The Buddhist Swastika and Hitler's Cross: Rescuing a Symbol of Peace from the Forces of Hate

The Buddhist Swastika and Hitler's Cross: Rescuing a Symbol of Peace from the Forces of Hate

by T. K. Nakagaki

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Product Details

ISBN-13: 9781611720457
Publisher: Stone Bridge Press
Publication date: 09/25/2018
Pages: 200
Product dimensions: 5.90(w) x 8.90(h) x 0.50(d)

About the Author

Rev. Dr. T. K. Nakagaki is a Buddhist priest, ordained in the 750-year- old Jodoshinshu tradition of Japanese Buddhism. He was ordained at the Nishi Hongwanji Temple in Kyoto, Japan, in 1980. He graduated from Ryukoku University in Kyoto, majoring in Buddhist History in 1983, and later conducted advanced study in Jodoshinshu Buddhist doctrine at Gyoshin Buddhist Seminary in Osaka, Japan, from 1983–1985. He received an M.A. in Linguistics from California State University at Fresno in 1994, and earned a Doctorate of Ministry in Multifaith studies from the New York Theological Seminary in 2012.

Rev. Dr. Nakagaki is a Founder and President of Heiwa Peace and Reconciliation Foundation of New York, and current executive officer and former President of the Buddhist Council of New York, Hiroshima Peace Ambassador, Peace Correspondent of Nagasaki City, Community Clergy Liaison for the NYC Police Department, and former Vice President of the Interfaith Center of New York. He served as a resident priest for Jodoshinshu Buddhist communities in Seattle from 1985–1989, in Parlier, CA from 1989–1994, and at the New York Buddhist Church from 1994–2010.

Since 1994, Rev. Nakagaki has organized an annual interfaith peace event to commemorate the Hiroshima and Nagasaki atomic bombings, and from 2002–2011 he organized the annual 9-11 WTC Memorial Floating Lanterns Ceremony. He is the author of three books in Japanese, A New York Buddhist Priest Walks in India (Gendai Shokan, 2003); Diary of a Manhattan Monk (Gendai Shokan, 2010); and Manji and Hakenkreuz (Gendaishokan, 2013) He is also a noted Japanese calligrapher.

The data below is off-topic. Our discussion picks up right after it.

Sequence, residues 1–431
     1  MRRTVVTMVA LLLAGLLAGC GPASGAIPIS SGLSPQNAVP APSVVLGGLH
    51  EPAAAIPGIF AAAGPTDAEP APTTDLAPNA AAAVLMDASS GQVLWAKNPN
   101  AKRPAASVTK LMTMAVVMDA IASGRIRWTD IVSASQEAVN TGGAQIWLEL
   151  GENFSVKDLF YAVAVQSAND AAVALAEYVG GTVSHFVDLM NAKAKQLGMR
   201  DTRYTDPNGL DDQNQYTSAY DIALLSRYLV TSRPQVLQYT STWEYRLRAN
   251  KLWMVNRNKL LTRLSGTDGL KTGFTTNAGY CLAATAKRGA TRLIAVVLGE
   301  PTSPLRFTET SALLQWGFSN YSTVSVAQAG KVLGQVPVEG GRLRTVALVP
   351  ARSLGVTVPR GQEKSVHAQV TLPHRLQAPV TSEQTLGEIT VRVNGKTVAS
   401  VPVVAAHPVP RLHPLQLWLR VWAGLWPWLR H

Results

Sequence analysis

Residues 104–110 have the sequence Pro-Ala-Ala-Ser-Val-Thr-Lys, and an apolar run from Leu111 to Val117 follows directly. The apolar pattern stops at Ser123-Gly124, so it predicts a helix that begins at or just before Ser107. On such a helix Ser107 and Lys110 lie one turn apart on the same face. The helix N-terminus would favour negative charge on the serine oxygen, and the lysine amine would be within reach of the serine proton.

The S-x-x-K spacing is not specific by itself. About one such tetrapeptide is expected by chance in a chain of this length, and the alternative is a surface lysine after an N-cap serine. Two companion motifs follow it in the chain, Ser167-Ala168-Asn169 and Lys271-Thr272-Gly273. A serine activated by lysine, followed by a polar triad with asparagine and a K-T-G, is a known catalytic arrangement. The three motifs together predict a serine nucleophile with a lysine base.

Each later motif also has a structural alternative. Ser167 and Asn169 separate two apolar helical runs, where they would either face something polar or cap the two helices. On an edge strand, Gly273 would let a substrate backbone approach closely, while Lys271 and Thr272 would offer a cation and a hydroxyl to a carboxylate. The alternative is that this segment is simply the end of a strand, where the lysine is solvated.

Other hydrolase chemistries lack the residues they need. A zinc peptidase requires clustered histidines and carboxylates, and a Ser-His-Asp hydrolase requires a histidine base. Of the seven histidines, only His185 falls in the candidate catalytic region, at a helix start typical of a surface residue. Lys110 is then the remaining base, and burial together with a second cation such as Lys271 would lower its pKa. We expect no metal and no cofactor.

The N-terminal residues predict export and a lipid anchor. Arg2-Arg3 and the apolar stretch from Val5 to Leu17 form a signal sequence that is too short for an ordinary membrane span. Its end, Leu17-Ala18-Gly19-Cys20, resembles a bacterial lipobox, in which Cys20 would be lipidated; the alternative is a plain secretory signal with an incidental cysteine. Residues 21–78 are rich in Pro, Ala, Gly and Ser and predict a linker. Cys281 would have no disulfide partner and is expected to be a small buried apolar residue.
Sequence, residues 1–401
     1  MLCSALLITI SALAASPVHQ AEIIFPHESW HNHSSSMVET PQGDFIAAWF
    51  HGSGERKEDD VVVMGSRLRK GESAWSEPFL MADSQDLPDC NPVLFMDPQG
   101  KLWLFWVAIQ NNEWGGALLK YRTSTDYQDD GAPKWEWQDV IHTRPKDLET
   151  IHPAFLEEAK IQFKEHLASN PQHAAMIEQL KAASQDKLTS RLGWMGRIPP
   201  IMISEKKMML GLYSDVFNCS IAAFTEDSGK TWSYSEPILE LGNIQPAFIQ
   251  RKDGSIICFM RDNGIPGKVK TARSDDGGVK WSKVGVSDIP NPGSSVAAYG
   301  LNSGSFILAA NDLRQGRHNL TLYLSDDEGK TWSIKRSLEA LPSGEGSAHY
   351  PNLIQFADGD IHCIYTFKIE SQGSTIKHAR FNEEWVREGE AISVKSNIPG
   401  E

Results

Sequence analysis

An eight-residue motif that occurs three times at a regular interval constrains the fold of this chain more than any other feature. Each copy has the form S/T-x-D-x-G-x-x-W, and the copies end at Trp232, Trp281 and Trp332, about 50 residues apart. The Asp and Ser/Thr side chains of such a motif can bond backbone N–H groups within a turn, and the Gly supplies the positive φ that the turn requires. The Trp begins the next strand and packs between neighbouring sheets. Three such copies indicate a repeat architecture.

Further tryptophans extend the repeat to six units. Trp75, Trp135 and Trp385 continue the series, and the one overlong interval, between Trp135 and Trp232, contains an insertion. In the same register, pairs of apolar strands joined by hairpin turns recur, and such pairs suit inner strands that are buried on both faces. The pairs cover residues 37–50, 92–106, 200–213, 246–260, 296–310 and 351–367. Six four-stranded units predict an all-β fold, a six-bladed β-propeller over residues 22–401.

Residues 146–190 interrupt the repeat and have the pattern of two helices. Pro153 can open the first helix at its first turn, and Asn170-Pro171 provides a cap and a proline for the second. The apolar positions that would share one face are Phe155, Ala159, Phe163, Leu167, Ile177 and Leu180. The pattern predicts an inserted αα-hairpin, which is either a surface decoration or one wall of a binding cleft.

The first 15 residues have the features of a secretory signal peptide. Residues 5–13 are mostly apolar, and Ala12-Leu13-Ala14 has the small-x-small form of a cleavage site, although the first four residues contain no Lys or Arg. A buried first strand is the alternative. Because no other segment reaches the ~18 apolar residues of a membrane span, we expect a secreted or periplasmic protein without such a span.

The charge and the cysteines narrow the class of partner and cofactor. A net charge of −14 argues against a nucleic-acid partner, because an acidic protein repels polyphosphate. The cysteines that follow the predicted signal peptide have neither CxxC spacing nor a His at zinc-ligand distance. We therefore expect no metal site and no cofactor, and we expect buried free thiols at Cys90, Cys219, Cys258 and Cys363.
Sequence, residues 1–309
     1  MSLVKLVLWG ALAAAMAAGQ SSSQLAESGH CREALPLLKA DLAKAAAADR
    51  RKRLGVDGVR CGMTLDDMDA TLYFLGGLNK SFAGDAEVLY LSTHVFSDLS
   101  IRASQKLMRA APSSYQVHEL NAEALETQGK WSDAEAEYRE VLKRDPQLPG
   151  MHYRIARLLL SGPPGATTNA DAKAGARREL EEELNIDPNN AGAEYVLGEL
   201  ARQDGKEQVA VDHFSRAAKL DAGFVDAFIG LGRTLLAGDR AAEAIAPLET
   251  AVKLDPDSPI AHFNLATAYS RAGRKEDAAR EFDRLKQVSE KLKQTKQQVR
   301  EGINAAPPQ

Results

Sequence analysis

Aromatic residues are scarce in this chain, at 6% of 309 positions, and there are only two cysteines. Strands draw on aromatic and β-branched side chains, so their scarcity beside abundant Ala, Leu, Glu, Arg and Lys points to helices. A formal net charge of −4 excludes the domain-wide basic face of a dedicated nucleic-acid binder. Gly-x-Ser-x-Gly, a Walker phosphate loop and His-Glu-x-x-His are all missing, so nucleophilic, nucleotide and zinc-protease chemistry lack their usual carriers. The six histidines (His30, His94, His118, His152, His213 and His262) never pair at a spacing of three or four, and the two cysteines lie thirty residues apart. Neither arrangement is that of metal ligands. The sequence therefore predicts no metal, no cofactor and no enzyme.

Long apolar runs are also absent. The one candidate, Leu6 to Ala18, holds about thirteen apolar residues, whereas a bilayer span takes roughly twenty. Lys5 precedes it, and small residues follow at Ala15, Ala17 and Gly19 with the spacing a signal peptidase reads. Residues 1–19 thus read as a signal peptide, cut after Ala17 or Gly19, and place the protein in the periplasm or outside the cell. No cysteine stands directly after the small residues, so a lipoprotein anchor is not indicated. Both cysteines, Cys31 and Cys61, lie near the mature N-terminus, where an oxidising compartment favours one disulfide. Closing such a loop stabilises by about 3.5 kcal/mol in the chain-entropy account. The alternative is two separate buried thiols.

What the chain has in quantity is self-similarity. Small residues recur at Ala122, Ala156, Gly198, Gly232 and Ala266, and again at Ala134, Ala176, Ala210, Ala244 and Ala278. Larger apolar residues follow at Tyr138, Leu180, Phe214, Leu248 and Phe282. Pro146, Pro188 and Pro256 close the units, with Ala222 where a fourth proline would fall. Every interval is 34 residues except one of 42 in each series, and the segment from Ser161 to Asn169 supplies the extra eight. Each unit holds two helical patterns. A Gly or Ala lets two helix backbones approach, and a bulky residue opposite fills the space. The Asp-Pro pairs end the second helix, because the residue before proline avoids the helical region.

Table of Contents

ACKNOWLEDGEMENTS vii

Preface 1

Western vs. Eastern Perceptions of the Swastika

A Few Notes on Terms and Images 3

My First Encounter in the US ... 4

Why Discuss the Swastika Now? 6

The Human Capacity for Atrocity 8

Encountering Holocaust Survivors 10

Importance of Dialogue 12

Our Own Monsters Within 13

Chapter 1 14

The Swastika Symbol in My Tradition

The Swastika in Japan 14

Meaning of the Swastika in Japanese language 26

Meaning of the Swastika in the Buddha’s Discourse 29

The Standard Buddhist Swastika is Left-Turning 35

Chapter 2 39 A Universal Symbol

Swastika Use in Various Religions 40

The Swastika Symbol in North America 56

Chapter 3 69 Hitler’s Flag

Design of the Hook-Cross 69

Hitler and the Eastern Swastika; 74

Swastika usage in 19th and 20th Century Europe 74

Chapter 4 77 Hitler’s First Meaning of Hakenkreuz: Aryan

Meaning of “Aryan” 77

Ārya in Buddhism 78

The Western Concept of What is an Aryan 82

The Meaning of “Aryan” for Hitler 87

Chapter 5 96 Hitler’s Second Meaning of The Hakenkreuz : Anti-Semitism

Meaning of Anti-Semitism 96

Anti-Semitism and Hitler’s Early Life 99

Martin Luther (1483 -1546) 100

Richard Wagner (1813 -1883) 107

Luther, Wagner and Hitler 117

Political Symbol vs. Religious and Spiritual Symbol 117

Chapter 6 119 Hitler’s Symbol Is a “Hakenkreuz,” Not a Swastika

Difference between “Swastika” and “Hakenkreuz” 119

Definition of “Hakenkreuz” 125

Swastika and Hakenkreuz in Dictionaries 127

Translation Problems of “Hakenkreuz” 131

Chapter 7 140 Conclusion – Present & Future Meaning of the Swastika Symbol

Current Swastika Issues 140

Where Are We Going? 143

Epilogue 147

Action Plan for the Public

BIBLIOGRAPHY 152

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